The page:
1

For those who had windows computers when the WannaCry virus hit, how exactly did the virus bypass antivirus programs. I have tried to read some papers about this, but I don't understand how exactly that windows hole helped the virus evade antivirus software. Is this just a matter of people not having antivirus software, or did this virus somehow evade that?

0

Bypassing AVPs might be simple regardless of what is widely believed

The problem with "traditional anti-virus" is that they do not detect exploits or in memory malware which was the case of Wanancry. The SMB "hole" as you described it, was used -via EternelBlue (the exploit)- to execute remotely and in memory the piece of malware. This means:

It is almost impossible to protect against new malware that will use the EternalBlue exploit to propagate except when using next-generation endpoint protection with memory scanning capabilities and exploit detection. Traditional anti-virus without premium features or configured by default will not block the EternalBlue exploit.

Herer is a typical Wanancry execution flow:

enter image description here

  • Hello, your answer gave me some new information, as I was already aware of heuristic and signature based detection(sorry for not mentioning that in the question). However, can you elaborate on what endpoint protection with memory scanning is. Are there any papers? I am trying to understand the techniques to combat the virus in the first place. Thanks! – ilikeyoyo Aug 6 '17 at 23:23
  • I know what endpoint detection is, but I am confused as to how memory scanning capabilities are useful here – ilikeyoyo Aug 7 '17 at 0:20
  • I've found no paper on this but this is I think related to the detection of heap spraying, stack pivots, ROP attacks and memory permission modifications in addition to the detection of fileless piece of malwares... – Soufiane Tahiri Aug 7 '17 at 9:27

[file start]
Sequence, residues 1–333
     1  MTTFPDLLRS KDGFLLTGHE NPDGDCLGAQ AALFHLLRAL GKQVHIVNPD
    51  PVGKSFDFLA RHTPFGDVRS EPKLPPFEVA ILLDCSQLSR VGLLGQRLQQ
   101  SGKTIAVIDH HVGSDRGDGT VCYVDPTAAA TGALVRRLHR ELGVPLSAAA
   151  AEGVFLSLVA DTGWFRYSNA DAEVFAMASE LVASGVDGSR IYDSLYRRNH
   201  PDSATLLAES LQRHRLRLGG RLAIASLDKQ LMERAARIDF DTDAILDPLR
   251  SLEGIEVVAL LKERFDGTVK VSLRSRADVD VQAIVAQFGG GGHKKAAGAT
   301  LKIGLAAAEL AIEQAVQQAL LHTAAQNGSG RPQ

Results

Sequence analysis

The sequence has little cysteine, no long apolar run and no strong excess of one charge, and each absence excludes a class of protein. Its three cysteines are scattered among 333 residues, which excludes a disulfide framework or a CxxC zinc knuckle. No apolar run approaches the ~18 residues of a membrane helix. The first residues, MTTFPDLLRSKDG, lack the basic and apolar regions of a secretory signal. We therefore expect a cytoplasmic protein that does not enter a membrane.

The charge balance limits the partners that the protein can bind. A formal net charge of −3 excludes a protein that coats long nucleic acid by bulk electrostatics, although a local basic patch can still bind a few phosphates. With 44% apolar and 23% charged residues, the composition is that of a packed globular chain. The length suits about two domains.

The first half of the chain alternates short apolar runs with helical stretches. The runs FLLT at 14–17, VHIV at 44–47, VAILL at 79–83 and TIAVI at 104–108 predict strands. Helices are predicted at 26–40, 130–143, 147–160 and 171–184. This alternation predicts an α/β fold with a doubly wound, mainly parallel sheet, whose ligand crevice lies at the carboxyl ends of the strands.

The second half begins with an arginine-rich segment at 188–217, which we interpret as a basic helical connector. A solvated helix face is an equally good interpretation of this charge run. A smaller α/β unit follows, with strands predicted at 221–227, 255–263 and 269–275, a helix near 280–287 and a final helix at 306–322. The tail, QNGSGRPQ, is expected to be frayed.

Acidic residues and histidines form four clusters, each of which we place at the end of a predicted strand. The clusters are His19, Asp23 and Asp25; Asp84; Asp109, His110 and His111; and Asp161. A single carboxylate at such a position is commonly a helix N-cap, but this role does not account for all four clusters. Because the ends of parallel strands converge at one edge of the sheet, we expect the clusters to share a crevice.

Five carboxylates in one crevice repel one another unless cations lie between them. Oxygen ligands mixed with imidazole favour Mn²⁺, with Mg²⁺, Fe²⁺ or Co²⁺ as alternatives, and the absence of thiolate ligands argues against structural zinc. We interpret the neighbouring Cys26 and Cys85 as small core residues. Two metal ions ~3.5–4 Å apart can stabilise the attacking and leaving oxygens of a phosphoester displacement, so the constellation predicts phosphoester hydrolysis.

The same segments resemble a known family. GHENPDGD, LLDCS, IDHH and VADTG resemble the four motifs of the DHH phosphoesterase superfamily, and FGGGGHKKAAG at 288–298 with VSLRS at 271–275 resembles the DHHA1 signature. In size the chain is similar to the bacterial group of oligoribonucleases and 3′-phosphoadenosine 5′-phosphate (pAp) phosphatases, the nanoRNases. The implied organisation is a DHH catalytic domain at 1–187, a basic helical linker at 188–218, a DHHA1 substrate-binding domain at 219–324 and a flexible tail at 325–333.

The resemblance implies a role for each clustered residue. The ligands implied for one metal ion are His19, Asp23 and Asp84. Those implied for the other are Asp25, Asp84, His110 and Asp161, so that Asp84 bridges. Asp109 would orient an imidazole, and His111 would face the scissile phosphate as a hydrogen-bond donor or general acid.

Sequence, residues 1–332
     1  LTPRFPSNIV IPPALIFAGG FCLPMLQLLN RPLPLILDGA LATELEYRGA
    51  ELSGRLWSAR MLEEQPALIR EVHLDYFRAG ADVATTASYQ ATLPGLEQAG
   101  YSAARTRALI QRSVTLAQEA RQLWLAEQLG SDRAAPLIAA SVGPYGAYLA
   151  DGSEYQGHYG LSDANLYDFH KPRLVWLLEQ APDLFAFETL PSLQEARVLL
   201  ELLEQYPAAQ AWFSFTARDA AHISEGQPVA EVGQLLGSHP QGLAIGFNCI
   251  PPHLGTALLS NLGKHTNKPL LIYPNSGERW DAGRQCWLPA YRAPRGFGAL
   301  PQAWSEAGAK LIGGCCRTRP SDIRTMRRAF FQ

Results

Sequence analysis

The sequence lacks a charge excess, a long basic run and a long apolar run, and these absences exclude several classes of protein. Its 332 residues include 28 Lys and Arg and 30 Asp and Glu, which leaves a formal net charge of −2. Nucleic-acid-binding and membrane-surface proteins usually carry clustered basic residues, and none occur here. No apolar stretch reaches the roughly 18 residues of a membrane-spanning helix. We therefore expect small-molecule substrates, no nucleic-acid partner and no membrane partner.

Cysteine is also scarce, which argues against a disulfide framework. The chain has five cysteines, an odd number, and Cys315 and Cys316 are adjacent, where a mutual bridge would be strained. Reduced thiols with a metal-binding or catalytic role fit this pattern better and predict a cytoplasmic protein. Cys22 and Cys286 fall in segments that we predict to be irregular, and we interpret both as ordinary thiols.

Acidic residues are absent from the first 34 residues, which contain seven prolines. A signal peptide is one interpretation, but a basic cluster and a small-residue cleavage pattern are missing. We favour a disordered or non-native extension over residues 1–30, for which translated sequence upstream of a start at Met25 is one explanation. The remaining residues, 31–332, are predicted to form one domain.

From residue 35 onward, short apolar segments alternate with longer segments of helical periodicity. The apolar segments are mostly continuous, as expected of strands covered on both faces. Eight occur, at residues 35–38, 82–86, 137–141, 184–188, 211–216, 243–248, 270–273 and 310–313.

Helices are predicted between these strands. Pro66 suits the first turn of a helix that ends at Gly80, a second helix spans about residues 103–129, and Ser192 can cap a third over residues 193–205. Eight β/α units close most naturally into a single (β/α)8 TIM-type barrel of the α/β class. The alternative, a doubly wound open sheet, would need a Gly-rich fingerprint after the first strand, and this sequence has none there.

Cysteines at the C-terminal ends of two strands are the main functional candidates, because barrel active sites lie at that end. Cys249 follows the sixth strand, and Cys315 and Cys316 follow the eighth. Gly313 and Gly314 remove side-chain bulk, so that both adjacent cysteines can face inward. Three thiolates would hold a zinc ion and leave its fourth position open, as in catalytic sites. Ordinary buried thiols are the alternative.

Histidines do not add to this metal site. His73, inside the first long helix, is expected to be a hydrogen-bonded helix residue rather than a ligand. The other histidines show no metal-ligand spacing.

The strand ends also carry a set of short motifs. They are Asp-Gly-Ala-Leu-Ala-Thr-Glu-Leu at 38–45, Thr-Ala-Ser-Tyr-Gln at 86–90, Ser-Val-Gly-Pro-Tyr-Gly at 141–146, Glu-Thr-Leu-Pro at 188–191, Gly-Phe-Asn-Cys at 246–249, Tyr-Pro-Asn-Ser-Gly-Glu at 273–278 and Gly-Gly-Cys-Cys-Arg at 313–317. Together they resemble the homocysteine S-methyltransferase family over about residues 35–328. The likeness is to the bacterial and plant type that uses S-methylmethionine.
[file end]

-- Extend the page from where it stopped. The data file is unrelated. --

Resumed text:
1

Antivirus software usually detect malware threats in two ways:

  • signature-based detection
  • heuristic detection

Antivirus software products did not have a virus definition or signature for WannaCry since it had not been seen before (previously undetected threat) being a newly created malware. So it escaped all signature based detection.

Heuristic detection relies upon observing active execution of a binary. For example, if an antivirus observes a virus scanning for and modifying or appending executables on a system, it would flag the binary as possible malware or suspicious. The way WannaCry works is by accessing specific crypto libraries on Windows (for the process of generating keys and subsequent encryption) and then scanning for common document file types such as DOCX, XLSX, JPG etc to encrypt. The antivirus heuristics engine fails to detect this as a typical malware infection. They will possibly add heuristic capabilities to stop ransomware as it is executing by observing its behavior some time in the near future. For example: https://www.wired.com/story/shieldfs-ransomware-protection-tool/

Also, as you mentioned, it is possible that a lot of users who got hit were not using a properly updated and effective Antivirus solution. If they were big on updating software, they would have updated their Windows OS and had a patch for MS17-010 Eternal Blue vulnerability.

Your Answer

By clicking “Post Your Answer”, you agree to our terms of service, privacy policy and cookie policy

Not the answer you're looking for? Browse other questions tagged or ask your own question.